Growing vaccine hesitancy in Caribbean

Growing vaccine hesitancy in Caribbean

As far back as mid-November last year, Gaston Browne, the Antigua and Barbuda prime minister, made a commitment to the country that he would be the first person to take the COVID-19 vaccine when it became available.

“I will avail myself as the first recipient of the vaccine in order to encourage Antiguans and Barbudans to do likewise,” insisted Browne at the time.

Based on the reason given, it was generally accepted that when the day arrived, the prime minister would take the jab publicly. Imagine the surprise of many when it emerged about two weeks ago that Browne had secretly taken his first shot about three weeks earlier.

Facing an uproar, a defensive Browne insisted he had “no legal or moral obligation” to volunteer information that he had been vaccinated.

Of even greater concern was the fact that Browne was administered the Moderna vaccine instead of the less efficacious AstraZeneca (AZ), which the general population would be expected to take.

Among those expressing mistrust of the India-made AstraZeneca vaccine, as a result, was the Antigua and Barbuda Nurses Association, which said in a statement that the country’s leader had “grossly undermined and compromised” the public health system by his “clandestine” action, and it would “refuse as front-line workers to take the vaccine with least efficacy and which still remains questionable worldwide”.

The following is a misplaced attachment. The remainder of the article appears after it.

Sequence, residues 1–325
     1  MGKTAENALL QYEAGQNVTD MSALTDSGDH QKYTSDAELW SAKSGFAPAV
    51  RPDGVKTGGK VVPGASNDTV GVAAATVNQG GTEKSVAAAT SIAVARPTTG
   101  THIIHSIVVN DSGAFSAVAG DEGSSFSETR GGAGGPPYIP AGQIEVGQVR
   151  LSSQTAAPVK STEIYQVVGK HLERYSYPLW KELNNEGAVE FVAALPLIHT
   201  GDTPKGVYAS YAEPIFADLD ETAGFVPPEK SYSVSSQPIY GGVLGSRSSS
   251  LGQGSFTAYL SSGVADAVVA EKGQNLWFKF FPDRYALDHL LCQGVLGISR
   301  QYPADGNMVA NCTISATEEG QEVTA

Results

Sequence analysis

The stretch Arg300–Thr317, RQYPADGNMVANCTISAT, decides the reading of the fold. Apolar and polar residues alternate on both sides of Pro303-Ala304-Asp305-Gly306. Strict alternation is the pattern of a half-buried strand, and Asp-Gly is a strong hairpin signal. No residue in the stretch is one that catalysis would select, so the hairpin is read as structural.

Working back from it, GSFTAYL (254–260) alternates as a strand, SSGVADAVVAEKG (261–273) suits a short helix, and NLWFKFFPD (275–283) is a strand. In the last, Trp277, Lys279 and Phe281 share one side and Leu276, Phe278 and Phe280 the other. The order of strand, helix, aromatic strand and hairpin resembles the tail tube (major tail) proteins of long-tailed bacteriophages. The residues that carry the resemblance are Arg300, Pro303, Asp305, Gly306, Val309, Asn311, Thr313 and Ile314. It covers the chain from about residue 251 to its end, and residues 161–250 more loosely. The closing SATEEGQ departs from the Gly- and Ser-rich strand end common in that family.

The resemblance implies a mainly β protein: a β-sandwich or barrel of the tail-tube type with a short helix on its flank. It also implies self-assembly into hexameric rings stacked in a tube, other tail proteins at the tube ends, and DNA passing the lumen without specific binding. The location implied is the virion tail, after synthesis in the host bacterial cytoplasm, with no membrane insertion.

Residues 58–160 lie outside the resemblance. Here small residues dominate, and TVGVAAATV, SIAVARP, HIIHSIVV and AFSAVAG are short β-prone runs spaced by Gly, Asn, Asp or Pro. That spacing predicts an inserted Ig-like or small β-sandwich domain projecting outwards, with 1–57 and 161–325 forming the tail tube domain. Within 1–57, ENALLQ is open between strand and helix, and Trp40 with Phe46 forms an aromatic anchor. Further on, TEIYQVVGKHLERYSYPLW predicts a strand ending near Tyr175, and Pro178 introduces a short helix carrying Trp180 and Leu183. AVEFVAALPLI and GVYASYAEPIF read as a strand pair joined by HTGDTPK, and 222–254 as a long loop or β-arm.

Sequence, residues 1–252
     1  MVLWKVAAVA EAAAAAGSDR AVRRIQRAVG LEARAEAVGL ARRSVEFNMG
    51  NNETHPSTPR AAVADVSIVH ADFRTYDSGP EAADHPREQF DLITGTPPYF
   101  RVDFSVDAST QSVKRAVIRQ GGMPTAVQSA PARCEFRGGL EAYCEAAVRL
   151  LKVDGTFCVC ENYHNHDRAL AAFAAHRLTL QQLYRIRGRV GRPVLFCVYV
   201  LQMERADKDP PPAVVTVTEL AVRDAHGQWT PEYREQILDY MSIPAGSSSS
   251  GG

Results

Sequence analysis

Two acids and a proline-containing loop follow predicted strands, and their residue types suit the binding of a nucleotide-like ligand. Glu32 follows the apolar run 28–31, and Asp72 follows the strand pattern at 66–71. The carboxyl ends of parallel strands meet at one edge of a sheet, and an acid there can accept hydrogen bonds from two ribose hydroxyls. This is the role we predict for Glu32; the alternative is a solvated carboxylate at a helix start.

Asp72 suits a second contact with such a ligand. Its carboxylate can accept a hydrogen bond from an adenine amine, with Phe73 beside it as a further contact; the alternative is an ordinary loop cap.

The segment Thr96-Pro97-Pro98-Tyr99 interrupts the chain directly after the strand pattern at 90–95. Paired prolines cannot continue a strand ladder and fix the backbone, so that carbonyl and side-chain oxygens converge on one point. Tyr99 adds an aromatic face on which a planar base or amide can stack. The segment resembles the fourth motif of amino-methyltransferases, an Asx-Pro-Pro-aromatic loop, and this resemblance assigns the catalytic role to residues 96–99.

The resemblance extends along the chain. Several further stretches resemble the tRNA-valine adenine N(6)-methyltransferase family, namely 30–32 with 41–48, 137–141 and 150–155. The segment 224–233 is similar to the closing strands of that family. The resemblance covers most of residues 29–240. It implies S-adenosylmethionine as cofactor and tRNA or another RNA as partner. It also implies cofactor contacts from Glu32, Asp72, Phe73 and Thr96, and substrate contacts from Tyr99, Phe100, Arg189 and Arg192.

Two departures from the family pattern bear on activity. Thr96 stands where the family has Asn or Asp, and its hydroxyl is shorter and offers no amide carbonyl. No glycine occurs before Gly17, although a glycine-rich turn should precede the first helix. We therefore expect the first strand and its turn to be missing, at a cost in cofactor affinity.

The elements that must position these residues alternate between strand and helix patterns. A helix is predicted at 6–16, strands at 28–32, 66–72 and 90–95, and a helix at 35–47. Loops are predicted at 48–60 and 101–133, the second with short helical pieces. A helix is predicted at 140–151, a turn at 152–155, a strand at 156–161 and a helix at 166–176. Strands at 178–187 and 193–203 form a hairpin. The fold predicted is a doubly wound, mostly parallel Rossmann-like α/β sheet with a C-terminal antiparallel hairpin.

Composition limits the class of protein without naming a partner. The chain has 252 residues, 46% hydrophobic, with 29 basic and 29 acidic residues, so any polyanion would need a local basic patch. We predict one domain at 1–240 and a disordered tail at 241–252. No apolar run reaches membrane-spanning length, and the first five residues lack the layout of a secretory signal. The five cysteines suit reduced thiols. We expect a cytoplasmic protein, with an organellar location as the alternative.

The nursing body has since pulled back somewhat, with its president, Soria Dupie-Winston, telling The Sunday Gleaner that in the absence of the Moderna, “whatever is available will have to do”.

There had already been some hesitancy to the vaccine among the local population and Browne did nothing to help the situation, Linley Winter, an Antiguan political commentator, told The Sunday Gleaner.

“The action by the prime minister would not have been one that would bring confidence to the general public as far as they are feeling comfortable in what is being prescribed for them with the AstraZeneca vaccine,” stated Winter. “The optics of it did not represent itself well for someone who is the leader of the country.”

Outside Antigua’s shores, there’s growing evidence that large numbers of Caribbean nationals are also uncomfortable with the India-manufactured vaccine. A nurse in Barbados, a teacher in Dominica, and a journalist in Trinidad and Tobago were among several people who told The Sunday Gleaner they would not take the AZ jab.

Barbados, which received a gift of 100,000 doses from the Indian government, and Dominica, which got a donation of 70,000 doses from New Delhi, are the first within the Caribbean Community (CARICOM) to begin inoculating their wider populations, while others such as Antigua and Barbuda, Grenada and Trinidad and Tobago are giving the shots to front-line workers from small donations received from Barbados and Dominica. Several of the British and Dutch Caribbean countries have also begun to inoculate their populations.